Henri Kaarma Explains The Impossible

Henri Kaarma Explains The Impossible

At the recent Tyumen Open Winter Swimming Cup in Siberia, Russia in water just above its freezing point – 0.8ºC (33.4ºF) – Henri Kaarma of Estonia channeled his inner strengths – both physical and mental – to do what appeared to be the impossible.

Whereas most humans would be struggling to merely survive for a few moments at 0.8ºC, Kaarma pushed himself to levels that are unimaginable to anyone but the most elite ice swimmers.

Kaarma swam 2,400 meters – 1.49 miles in water almost ready to freeze – in 41 minutes 57 seconds.

He explains how he did it. “In the start, I was trying not to go too fast and to stay calm despite initial feeling of cold. During the distance, I just tried to do a controlled swim, to be as economical as possible. I looked ahead after 20 strokes to check how far is the wall and which hand will touch the wall. Also, I remember overtaking Zdeněk by 50 meters for every 250 meters. Closer to the end, I noticed my stroke was getting shorter and it was hard to keep track how much have I already swum. I saw a bunch of people walking with me from one end to another and heard cheering during turns so I concluded that the distance must be pretty solid. I remember someone grabbing my hand, but I thought that it’s too early for stopping and I can swim more. 50 meters later, I thought that will do for today, climbed up the ladder and men carried me to the sauna.”

Scenes from the Tyumen Open Water Swimming Cup including Kaarma’s mind-boggling achievement are shown below:



Are these ice swimmers crazy? Are just smarter than the rest of the sporting world on terra firm?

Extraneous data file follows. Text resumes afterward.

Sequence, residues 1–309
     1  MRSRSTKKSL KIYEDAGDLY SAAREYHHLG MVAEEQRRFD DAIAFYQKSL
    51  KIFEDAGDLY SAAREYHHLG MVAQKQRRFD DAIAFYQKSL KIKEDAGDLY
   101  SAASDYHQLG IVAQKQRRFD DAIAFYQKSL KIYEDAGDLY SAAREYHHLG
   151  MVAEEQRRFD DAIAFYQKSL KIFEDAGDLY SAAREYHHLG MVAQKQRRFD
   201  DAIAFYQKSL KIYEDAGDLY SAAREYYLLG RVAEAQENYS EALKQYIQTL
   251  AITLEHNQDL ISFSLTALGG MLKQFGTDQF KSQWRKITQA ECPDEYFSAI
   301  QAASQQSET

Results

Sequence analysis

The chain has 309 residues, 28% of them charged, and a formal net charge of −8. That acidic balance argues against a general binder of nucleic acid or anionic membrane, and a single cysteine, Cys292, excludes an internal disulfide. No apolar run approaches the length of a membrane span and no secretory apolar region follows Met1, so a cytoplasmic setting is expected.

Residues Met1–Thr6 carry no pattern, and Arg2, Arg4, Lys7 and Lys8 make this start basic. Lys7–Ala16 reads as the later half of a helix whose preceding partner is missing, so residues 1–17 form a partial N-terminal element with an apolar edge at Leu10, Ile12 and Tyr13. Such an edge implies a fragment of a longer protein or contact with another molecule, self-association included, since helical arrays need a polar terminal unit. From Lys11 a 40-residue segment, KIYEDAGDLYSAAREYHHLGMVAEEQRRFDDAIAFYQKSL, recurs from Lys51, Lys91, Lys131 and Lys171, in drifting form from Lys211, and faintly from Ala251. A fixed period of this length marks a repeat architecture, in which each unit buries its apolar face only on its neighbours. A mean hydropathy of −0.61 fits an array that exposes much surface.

Researchers found that the brains of newborn seals (Leptonychotes weddellii) are large when they are born. The baby seal’s brain size is relatively large compared with adult seals and, remarkably 70% the size of adult brains.

What is remarkable about these seals are that they are the only mammal that swims long distances under the sea ice, holding their breath for up to 20 kilometers until they pop up in breaks in the Antarctic ice. Their big brains help them navigate these marathon distances in the icy cold waters at the bottom of the Earth.

So we thought, are there any implications of brain size and the ability to swim in cold waters among humans?

Does that imply that human ice swimmers also have larger-than-average brains? Do their brains enable them to go long distances in extremely cold waters? There are some sharp cookies among the ice swimming crowd, so perhaps they are born with large(r) brains?

Photos shows Henri Kaarma in and out of the water.

Copyright © 2013 by World Open Water Swimming Association